There are no cogent grounds for us to fatuously emulate the latter day Irish economic example or the current Greek one; given, we can choose a single stand alone vastly simplified expenditure tax, which if implemented, would be the most equitable and fairest tax system of all! And a boost to our domestic economy, when we need it the most!
Posted by Rhrosty, Friday, 9 March 2012 4:55:11 PM
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When the numbers stack up and say that one third of one percent collected as an expenditure tax, would replace PAYE, one wonders why we still retain PAYE?
Perhaps the interests of tax practitioners and or the ATO take precedence over the national interest?
Vast simplification of our tax system would allow an unavoidable expenditure tax; set at around 4.8%, to replace our current mind numbingly complex tax system, with a 40,000 page tax act and a loophole on every page, and, increase the total tax take; from all sources, by around 100 billion per!
If we would just grasp the nettle and get it done, we could conceivably protect the interests of tax practitioners and the ATO, by the simultaneous creation of a brand new peoples bank.
Which could be franchised and tasked with supplying venture capital or underwriting our better ideas; and or, those who create them! And a much more productive use of the number crunching abilities of those our proposed reform, would displace?
As well as that, we can and should use the multitude of advantages we currently own; to create and reticulate the world's cheapest carbon free or neutral electrical energy! The poeples' power!
We need to do this; and we can, to attract to these shores, the world's foremost high tech industries; given, this is where our clean green future and prosperity lies! Rhrosty.
Posted by Rhrosty, Monday, 26 March 2012 5:52:06 PM
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As an aside, an interesting American study, conducted by one of their more prestigious universities; apparently tracked the lives/careers/prospects of 300 economists over a period of 20 years.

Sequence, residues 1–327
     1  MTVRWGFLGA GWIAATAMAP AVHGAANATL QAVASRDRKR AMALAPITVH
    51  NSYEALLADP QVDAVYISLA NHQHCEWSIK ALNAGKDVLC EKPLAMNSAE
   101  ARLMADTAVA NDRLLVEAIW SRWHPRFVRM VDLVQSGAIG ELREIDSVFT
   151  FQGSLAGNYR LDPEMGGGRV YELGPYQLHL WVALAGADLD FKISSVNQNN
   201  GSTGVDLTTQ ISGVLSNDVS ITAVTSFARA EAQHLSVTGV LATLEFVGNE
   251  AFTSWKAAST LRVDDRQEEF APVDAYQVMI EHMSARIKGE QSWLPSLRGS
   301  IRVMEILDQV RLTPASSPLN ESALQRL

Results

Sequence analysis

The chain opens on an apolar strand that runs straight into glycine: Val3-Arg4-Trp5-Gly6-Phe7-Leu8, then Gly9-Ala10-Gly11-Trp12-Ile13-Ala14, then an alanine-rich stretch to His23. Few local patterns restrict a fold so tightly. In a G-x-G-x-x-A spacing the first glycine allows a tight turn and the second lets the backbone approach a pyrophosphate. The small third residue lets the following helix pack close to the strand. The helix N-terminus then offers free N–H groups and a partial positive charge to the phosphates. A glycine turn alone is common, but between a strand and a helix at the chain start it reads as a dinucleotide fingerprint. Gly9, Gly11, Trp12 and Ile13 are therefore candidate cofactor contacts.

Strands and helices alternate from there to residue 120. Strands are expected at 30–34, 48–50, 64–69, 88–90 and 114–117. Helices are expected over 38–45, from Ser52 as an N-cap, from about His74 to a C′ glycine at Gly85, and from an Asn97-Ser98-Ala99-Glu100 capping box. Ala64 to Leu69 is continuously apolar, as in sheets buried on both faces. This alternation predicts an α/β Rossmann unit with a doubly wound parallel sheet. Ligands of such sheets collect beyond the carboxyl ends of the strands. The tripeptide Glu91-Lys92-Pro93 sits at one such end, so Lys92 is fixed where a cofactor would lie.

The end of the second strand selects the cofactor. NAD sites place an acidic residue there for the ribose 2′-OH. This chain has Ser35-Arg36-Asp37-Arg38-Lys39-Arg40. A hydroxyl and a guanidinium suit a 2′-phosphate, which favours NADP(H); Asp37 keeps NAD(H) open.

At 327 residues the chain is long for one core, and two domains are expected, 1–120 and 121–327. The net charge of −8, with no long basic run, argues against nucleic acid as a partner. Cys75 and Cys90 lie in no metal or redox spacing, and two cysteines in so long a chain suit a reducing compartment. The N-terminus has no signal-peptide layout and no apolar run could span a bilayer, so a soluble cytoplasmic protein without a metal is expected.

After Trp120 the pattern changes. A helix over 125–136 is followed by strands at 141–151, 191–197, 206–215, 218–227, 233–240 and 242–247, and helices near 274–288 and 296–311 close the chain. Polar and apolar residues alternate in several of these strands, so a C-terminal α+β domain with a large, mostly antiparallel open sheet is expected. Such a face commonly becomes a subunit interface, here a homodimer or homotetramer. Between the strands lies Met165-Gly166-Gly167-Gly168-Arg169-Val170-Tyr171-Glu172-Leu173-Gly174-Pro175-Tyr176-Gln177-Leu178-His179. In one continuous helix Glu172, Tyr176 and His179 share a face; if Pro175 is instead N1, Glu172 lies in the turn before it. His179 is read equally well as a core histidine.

Their general economic predictions as a body, were allegedly no more successful or accurate than a dart throwing monkey.
As their individual profiles became more popular or well known, their predictive abilities declined?
Well, economic theory has never ever been an exact science; and indeed, seems to be one of the so-called "disciplines" able to almost completely and routinely ignore the immutable law of cause and effect?
Hence the boom and bust nature of most economies; save those like tiny Hong Kong, Singapore, South Korea and Taiwan, all of who seemed to have successfully kept foreign investors and their often onerous debt burdens from imposing their too much of their peculiar form of parasitical debt funded speculation on their respective economies?
But more so since the Asian economic crisis?
One doesn't put their hand back in the flame of economic destruction; once you've been burnt, unless of course you are a mindless economic Idealog; with a moribund mind; and, welded to a particular economic theory; like say thoroughly failed and disgraced trickle down theory or other equally extreme forms, of entirely exploitive enslaving capitalism?
Make no mistake, capitalism is arguably the only way to end or alleviate poverty in all its forms and guises; but only if it is cooperative and welded to genuine profit sharing; and much more adequate reward for equal effort.
When the day finally dawns, when every person on the factory or shop floor has a vested interest in the success or failure of the firm their will be far fewer failures or monolithic structures; that grow to big to be allowed to fail? Rhrosty.
Posted by Rhrosty, Sunday, 1 April 2012 10:48:35 AM